In 23 years, I've been to two for a paramedic or technician.
It must be even stranger for Steve receiving it from the other end.
He knows what's happening.
'Steve's 4x4 is a write-off.
'At least he's repairable.
'In a few minutes, he'll be a patient in Harrogate hospital, a place he knows well.'
'The cause of the accident is as unusual as the patient.'
It is quite rare for a wild animal to be involved in incidents.
Certainly, up in the Dales,
they are a factor that motorists should consider when driving.
If a large animal comes out in front of you,
it's almost like, if not worse than, hitting a human.
They cause a lot of damage to the vehicle and to the person.
It's worse if it's a motorcycle.
Drop a little when we come off. That's it. And down.
'Steve spent more than a week in hospital.
'And he's never been short of visitors.
'Most of his workmates drop in three or more times a day.'
When you're on holiday, it's hard to leave work behind when you're a member of the emergency services.
Imagine driving down a country lane and you come across a car smash.
Do you drive on? Or do you stop and try and help?
If you're a fire officer, it's an easy decision.
'Paramedic Lee Davison has touched down at a single-vehicle shunt in the Yorkshire Dales,
'to find he has a helping hand.
'Or two, to be precise.
'Fire officer John Scott has been holding the driver's head for 15 minutes.'
How did you get in the back, mate? Through this door?
I'll pass that to you. OK?
'John knew he could have a broken neck.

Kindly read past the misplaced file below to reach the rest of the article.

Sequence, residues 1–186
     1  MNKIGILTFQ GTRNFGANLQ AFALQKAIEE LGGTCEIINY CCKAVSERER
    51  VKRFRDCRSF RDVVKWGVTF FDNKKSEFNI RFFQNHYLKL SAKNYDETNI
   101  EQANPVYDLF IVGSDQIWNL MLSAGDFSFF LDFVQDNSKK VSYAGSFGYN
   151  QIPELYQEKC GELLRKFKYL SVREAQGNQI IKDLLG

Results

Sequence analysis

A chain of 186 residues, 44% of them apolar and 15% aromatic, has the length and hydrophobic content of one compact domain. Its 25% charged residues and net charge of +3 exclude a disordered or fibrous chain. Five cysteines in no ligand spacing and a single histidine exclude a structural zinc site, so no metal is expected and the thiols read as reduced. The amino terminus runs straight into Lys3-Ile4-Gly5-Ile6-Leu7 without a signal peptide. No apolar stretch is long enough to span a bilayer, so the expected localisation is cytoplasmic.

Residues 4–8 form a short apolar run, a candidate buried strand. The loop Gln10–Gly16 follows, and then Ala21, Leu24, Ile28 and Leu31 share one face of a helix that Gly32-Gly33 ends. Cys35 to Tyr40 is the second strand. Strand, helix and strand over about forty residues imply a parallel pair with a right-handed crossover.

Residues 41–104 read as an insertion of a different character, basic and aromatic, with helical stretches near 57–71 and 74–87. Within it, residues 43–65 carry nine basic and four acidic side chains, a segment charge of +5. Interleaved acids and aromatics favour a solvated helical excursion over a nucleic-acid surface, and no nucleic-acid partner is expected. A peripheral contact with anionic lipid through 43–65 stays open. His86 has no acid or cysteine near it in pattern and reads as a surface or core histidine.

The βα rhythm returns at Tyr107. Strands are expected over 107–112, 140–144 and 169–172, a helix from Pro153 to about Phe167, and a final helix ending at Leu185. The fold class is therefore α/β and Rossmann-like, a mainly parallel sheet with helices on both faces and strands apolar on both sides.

'So he climbed in the back to help.'
There was a passer-by that's been keeping the guy's head still
in case he had any neck injuries.
They've done all the right things.
Waited for us to get here. We've taken over now.
I was dealing with him primarily.
It'll be us that'll fly him off to Harrogate.
Going to pop a tube into the back of your hand.
'The driver's got a deep gash in his scalp.'
I'm going to have to move this. It's a bit of lamb.
'He's been hit by a cash register and a leg of lamb he was carrying on the back seat.
'Now money's blowing around!
'John's partner Lisa is doing her best to collect it.'
There's cash everywhere. He's been coming back from work.
There's a cash till in the back.
Because my husband's a fire officer,
he offered to give advice and first aid.
He stabilised him, and we just provided towels and septic wipes.
Collected a load of money to put it back in the car for him, bless him.
'They were in their mobile home when they came across the accident.
'They were well qualified to help.'
We're both in the fire service so we're used to it!